After this strange stretch of November heat, a low-pressure system will cool things off and bring us proper fall-like temperatures.
But will it snow in local mountains? It's possible.
Yesterday a high of 85 in downtown Los Angeles helped set a new record: DTLA has had more days in 2015 — 162 — of temperatures 80 degrees or higher than in any other year recorded, the National Weather Service says.
In 1958 downtown had 161 such days.
Long Beach set high-temp records for each date on Saturday (90) and Sunday (88), the NWS said. LAX set a record for the date Saturday with a high of 89.
The weather service said in a statement we will transition tonight from “warm offshore weather” to “sharply colder and somewhat unsettled weather” as a low-pressure system moves moves down from Northern California.
A Tuesday night cold front could bring precipitation to SoCal's northernmost mountains, with snow levels down to 4,500 feet overnight and then even lower, possibly to 3,500 feet, Wednesday, federal forecasters said.
“Perhaps an inch of snow [is] possible in some areas,” the NWS statement says.
Gusty winds were expected in “higher terrain” and in the Antelope Valley Tuesday night through Wednesday, they said.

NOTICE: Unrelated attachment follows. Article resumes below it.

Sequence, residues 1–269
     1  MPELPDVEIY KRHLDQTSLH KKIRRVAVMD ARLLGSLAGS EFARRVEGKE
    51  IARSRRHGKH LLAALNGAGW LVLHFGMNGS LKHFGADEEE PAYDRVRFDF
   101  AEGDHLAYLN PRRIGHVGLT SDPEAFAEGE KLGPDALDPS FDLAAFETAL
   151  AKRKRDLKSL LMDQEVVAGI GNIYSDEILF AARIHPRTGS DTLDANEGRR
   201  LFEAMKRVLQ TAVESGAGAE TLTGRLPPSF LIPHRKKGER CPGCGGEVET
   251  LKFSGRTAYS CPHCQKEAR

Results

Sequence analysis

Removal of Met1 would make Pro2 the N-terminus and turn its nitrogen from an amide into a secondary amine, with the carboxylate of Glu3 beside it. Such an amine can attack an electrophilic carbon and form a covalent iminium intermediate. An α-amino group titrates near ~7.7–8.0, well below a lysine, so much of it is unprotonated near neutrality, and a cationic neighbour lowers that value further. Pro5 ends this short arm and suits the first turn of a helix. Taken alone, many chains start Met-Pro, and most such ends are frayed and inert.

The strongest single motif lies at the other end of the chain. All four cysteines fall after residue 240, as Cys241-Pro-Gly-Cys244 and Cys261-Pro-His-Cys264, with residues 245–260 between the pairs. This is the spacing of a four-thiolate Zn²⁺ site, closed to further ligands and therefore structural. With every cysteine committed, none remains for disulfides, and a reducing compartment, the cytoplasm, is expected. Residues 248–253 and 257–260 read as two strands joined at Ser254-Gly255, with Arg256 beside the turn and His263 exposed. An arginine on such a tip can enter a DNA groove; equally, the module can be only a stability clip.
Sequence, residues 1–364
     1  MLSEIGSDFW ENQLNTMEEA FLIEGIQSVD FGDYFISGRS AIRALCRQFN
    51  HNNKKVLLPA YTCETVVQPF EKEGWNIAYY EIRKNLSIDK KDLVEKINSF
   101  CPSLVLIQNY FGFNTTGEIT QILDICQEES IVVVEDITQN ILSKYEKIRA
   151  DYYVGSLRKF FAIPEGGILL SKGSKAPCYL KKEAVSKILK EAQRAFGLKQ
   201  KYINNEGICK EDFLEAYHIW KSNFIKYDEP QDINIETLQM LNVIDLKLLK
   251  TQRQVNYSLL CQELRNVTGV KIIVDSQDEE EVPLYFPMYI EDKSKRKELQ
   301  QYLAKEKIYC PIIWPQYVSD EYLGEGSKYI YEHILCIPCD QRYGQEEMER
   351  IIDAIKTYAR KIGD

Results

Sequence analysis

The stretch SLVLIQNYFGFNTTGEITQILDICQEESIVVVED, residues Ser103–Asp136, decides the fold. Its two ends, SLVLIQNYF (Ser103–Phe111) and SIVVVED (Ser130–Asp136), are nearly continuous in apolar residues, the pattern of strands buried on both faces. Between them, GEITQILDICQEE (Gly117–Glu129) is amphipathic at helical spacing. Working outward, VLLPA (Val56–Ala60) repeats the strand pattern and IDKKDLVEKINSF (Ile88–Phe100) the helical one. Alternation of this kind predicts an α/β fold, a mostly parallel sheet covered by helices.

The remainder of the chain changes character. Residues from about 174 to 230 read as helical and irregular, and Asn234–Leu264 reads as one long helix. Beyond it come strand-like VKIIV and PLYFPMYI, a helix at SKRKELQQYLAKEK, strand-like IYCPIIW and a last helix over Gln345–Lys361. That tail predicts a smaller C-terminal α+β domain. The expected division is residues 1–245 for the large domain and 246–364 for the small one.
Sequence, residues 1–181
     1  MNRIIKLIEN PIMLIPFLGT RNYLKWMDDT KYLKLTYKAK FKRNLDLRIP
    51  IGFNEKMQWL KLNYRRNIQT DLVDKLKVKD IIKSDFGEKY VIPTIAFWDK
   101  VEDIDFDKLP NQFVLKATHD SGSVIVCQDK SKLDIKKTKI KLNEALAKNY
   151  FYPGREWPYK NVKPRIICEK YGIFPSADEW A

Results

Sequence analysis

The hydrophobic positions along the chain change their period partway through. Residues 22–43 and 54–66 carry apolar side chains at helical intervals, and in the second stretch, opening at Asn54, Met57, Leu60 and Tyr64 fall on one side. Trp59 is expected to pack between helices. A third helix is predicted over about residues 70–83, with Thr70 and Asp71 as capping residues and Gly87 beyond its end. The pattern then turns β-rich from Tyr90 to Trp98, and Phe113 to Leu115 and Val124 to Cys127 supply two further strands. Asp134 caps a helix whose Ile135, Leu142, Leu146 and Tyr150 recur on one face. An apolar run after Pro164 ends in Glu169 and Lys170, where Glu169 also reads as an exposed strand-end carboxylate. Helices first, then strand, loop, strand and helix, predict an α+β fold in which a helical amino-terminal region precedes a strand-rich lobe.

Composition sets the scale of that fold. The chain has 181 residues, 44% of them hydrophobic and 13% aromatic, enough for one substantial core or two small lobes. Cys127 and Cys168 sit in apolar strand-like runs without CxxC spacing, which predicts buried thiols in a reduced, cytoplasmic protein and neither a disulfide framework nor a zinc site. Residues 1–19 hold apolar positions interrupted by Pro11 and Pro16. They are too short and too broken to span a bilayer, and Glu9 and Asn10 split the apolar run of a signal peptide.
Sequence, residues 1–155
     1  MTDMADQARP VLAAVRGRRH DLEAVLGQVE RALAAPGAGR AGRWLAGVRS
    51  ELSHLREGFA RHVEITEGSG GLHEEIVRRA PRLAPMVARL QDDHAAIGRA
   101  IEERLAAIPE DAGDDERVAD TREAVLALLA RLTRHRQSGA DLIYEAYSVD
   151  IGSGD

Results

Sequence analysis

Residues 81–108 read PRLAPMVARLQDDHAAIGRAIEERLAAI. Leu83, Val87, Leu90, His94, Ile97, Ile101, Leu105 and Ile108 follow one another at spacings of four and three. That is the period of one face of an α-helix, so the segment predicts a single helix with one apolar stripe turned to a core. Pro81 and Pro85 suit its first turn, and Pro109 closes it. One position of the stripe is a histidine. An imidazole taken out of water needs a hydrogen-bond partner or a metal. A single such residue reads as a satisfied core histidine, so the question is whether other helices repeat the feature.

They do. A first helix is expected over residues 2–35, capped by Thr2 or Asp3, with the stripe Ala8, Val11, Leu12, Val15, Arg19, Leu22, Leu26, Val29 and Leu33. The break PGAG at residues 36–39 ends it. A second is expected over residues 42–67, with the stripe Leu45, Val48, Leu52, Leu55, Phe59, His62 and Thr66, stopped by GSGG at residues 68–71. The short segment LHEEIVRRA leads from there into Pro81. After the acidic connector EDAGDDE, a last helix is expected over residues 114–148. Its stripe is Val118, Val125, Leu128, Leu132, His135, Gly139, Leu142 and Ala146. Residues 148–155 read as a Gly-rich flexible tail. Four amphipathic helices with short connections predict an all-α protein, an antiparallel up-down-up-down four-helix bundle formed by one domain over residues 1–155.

In the basin, however, “turkey day and Friday should be mostly clear across the region,” according to the service.
The folks at private forecasting service AccuWeather are also calling for “rain-free weather” through the end of the month.
“A disturbance passing just north of Los Angeles will deliver some clouds to the area as well as some showers over the higher terrain,” the forecaster says.
We can also expect “a noticeable drop in temperature,” with highs in the 60s, which is below our low-70s norm for this time of year, by Wednesday, AccuWeather said.
Some models are calling for moisture Saturday. The NWS calls the possibility a “low confidence forecast.”
And, just to keep things as weird as they've been all year, the service says a “fairly strong tropical system” is developing off the coast of Mexico.
Precipitation should remain “well south of the area,” the NWS says, but it's “pretty unusual to be talking about hurricanes around Thanksgiving.”